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There was, once upon a time, a season of my life when motherhood meant more of survival to me than anything else.  Changing diapers, feeding, sippy cup filling, cuddling, rocking, naptime rituals, reading, bathing babies, taming tantrums, and playing silly games filled every second of my day.  (Notice that showering was not included in this list.  If, by chance, a shower was rendered it was sheer luck, or due to strategic planning on my part.)  Looking back on those days, which were only a few years ago, I am struck by the simplicity of it all.  My “issues” were messy diapers, crying, and teaching my children boundaries.  I was busy, and the fruit of my labor was not always evident in the moment, but the issues were small and the world so much simpler.

We are a few, short weeks away from closing the books on another school year, and I find myself feeling nostalgic and emotional.  This has been a challenging year for us.  I am no longer kissing tiny microscopic boo boos, but rather holding my ten-year-old while she cries because a girl at school teased her about her weight.  I am no longer helping my wobbly toddler learn to walk, instead I am holding my eight-year-old’s hand as she faces disappointment and rejection.  And instead of filling sipping cups I find myself having to fill my children’s minds with the truth of God’s Word because of an off-hand comment another child made at school.  It’s downright painful.  And we haven’t even hit the teen years yet.

Motherhood has changed for me.

I used to cry because I was so exhausted, and I didn’t think I’d ever sleep again.  I used to cry because the temper tantrums would wear me to the core.  I used to cry because I felt so lonely as a stay-at-home mom with three children under the age of three.

I cry for different reasons now.

I cry because I know there are some lessons that my kids will have to learn the hard way.  I cry because there are some wounds that I can’t simply slap a bandaid on.  I cry because I remember how it felt to be ten.  I cry because motherhood means so much to me, and I love my kids deeply.  And as much as I would love for them to make it through grade school unscathed, I know that these challenges will make them stronger, wiser, and compassionate individuals.  Hurt feelings won’t hurt forever, but they will teach my daughter the value of her words.  Not getting the solo, the speaking part, or chosen for a game is devastating now, but down the road my little girl will learn to empathize with the underdog.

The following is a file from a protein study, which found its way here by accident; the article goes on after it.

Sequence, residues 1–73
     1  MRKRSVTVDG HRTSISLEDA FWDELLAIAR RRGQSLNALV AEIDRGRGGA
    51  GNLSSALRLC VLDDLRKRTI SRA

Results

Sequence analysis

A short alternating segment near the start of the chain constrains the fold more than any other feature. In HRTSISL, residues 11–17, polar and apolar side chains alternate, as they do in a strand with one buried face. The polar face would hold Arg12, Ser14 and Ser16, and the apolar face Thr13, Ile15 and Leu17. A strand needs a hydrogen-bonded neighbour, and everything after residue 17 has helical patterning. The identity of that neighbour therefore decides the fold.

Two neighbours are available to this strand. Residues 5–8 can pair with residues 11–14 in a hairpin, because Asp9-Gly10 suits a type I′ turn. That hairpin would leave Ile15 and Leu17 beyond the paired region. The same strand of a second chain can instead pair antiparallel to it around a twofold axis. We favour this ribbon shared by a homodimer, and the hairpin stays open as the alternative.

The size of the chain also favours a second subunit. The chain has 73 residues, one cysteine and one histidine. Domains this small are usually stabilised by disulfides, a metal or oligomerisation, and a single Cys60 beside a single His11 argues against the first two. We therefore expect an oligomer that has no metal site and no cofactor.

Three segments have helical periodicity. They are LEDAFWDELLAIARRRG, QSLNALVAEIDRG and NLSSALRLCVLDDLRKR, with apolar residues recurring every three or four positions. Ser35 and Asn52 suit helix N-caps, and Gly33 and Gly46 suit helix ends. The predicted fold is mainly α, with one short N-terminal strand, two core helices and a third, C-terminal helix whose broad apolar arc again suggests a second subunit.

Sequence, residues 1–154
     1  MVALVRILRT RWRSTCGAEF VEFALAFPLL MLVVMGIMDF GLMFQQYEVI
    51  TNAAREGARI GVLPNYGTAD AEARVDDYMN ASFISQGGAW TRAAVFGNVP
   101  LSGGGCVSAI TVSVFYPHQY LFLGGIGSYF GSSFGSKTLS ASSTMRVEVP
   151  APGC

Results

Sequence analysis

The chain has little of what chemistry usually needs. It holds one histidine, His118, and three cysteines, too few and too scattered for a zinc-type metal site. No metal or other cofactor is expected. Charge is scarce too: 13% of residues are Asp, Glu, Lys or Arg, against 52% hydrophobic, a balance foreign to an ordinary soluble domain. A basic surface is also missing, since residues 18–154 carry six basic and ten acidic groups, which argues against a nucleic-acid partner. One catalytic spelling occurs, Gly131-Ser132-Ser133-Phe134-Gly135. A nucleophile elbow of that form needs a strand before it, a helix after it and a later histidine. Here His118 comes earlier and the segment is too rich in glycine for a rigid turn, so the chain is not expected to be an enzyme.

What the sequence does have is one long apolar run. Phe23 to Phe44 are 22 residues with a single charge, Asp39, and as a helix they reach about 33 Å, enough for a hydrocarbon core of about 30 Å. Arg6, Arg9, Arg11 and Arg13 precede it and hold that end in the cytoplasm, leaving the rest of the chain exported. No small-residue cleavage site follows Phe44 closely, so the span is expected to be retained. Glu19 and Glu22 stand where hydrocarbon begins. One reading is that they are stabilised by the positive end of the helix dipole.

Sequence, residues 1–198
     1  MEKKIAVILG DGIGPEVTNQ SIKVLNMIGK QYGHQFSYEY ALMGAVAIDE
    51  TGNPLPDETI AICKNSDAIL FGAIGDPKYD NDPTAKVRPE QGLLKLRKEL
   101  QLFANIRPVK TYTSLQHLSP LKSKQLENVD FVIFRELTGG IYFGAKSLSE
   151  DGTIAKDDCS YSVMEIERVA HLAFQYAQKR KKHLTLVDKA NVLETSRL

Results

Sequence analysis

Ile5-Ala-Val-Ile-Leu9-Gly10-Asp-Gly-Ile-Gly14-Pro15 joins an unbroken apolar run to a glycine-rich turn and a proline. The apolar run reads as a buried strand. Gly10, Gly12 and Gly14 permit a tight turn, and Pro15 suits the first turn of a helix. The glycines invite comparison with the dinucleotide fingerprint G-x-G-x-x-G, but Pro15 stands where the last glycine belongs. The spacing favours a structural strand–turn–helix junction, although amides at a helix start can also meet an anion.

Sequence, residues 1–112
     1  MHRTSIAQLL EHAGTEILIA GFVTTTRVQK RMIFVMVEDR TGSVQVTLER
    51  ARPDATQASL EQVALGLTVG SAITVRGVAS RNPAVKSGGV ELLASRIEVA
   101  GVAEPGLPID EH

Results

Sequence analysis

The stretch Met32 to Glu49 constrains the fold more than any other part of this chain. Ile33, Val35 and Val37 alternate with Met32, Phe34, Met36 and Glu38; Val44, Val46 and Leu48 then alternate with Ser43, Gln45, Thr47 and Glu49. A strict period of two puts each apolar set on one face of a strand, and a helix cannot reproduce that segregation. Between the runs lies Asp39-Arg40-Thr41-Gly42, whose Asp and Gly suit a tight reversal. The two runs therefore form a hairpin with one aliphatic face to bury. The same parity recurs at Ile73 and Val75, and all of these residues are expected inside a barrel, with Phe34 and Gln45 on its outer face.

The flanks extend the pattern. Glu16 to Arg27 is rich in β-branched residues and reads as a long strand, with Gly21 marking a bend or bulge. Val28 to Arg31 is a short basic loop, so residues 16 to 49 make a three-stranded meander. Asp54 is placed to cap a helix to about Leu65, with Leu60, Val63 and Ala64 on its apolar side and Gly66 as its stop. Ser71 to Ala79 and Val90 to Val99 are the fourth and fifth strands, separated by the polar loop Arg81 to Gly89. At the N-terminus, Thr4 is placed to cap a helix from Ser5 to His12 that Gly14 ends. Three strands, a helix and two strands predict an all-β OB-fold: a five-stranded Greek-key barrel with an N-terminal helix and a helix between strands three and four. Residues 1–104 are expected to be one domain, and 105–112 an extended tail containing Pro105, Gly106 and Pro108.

I suppose, in about five years I’ll probably be writing another post about how motherhood has changed for me.  For now, I would say to all the moms who are surrounded by diapers, bottles, naptimes and blankies, savour every un-showered, sleepless night and sweat-pant-wearing moment of it.  Enjoy its simplicity.

Motherhood changes.  But so do we…the mothers.  We grow.  We mature.  And we gain a little more wisdom in the motherhood department along the way.  And while the issues will evolve from simple to complex (and even agonizing at times), God has given us everything we need to make it through right now.

I am learning to make this my new prayer:

“Lord, help me to live out this moment of motherhood in such a way that I will have no regrets.  Amen.”

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3 Responses to “Motherhood has changed for me.”

  1. sister sheri of theleakingwindow says:

    Amy, this is so true! There are such different stages of Motherhood! I remember when Christopher was born that I thought to myself… how could Anthony’s mom ever not talk to him EVERYDAY??!! I think that will be one of my hardest stages… Thankful that I don’t have to think about that for a while.

    You write beautifully!

  2. Patti says:

    This made me CRY!! Oh Lord, start to prepare my heart for these kinds of heartaches. Thank you for the great reminder!!

  3. Amy says:

    Thank you, Sheri! :) And Patti, to say this year has been a difficult one for me is an understatement. I don’t think I was prepared to deal with certain issues at such an early age with my girls. I found myself, initially, wanting to fix everything. Then I realized that the most powerful thing I could do was to simply walk through the difficulties with them, listen attentively, empathize and validate feelings. It’s a whole new ball game, but I certainly wouldn’t trade it for anything in the world. :)

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